- Page 7 – Lucky Page 7 – This is a free-for-all page. You may put anything on this page that you wish. Again, remember the purpose of this portfolio is to introduce yourself to the faculty – to show them your personality – to show them your creativity – to let them know just a little more about you.
REMEMBER: Distillation is extremely important in advertising. Long, wordy, drawn out responses to the above statements/questions can only hurt you in the evaluation of your portfolio. Be concise.
This video assignment is done to ensure that the advertising faculty know who you are, that they know the passion you have for advertising, and so they can see the creativity that is inside you.
The advertising faculty are a diverse group; some are scholars in their field while others are advertising professionals; however, all of them are creative thinkers and they all have the same goal: to make sure the very best students are admitted into the advertising program. They are looking for the most devoted, most capable, and most talented undergraduates who will add luster to their program.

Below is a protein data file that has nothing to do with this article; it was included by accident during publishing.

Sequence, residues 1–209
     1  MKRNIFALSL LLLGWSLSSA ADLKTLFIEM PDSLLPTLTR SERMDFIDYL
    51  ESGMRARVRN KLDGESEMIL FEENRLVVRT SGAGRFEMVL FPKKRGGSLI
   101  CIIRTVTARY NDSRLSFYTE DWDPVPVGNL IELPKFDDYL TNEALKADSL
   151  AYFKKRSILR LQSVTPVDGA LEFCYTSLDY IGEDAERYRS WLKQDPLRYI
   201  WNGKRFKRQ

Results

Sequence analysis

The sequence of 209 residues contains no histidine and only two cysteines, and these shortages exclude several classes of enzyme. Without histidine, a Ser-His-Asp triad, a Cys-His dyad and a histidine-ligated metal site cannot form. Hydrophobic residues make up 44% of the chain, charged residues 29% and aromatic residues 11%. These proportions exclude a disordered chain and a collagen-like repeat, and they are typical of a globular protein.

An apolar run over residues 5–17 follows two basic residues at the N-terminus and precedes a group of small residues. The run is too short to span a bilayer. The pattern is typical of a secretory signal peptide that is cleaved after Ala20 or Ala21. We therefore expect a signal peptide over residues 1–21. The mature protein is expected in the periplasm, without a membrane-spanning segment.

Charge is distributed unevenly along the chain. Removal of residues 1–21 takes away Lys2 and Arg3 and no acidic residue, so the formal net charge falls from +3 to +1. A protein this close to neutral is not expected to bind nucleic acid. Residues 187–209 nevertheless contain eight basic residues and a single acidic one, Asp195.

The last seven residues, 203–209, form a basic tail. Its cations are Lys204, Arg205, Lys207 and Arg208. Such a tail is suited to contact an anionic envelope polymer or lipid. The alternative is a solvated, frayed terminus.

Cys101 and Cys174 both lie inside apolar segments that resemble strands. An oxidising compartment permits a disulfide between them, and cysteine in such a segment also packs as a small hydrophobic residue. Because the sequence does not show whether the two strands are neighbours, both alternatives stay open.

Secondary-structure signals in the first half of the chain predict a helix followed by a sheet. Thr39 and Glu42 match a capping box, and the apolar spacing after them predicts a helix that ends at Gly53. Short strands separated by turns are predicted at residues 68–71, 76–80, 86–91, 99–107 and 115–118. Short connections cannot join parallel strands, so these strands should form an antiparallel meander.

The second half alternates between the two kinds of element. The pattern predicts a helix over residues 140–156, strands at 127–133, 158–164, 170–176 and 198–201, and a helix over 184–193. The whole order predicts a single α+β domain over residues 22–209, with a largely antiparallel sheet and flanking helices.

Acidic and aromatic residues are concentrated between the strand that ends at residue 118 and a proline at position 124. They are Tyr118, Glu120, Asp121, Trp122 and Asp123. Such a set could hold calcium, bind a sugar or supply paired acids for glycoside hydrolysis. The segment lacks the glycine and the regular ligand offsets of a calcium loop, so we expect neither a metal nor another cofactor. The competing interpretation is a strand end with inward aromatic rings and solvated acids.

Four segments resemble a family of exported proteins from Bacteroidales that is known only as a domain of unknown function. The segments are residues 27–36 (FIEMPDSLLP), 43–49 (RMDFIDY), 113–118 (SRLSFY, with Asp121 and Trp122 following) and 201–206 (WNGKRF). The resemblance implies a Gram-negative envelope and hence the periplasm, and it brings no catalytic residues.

Create a sixty-second video portrait. The Library has a multi-media lab that can help you if you haven’t shot and edited video before. Because you will do a lot of video production once you’re in the advertising sequence, this is your chance to be prepared for that eventuality. You will upload your video as part of your online application. You will need to create a digital file of your video in either .mov or .mp4 formats (all of the advertising teachers use Macs). Your video must be under 250 MB. The file MUST be uploaded before the application deadline or your application will not be considered. You should allow at least an hour for the upload if you need to compress your video, so plan accordingly.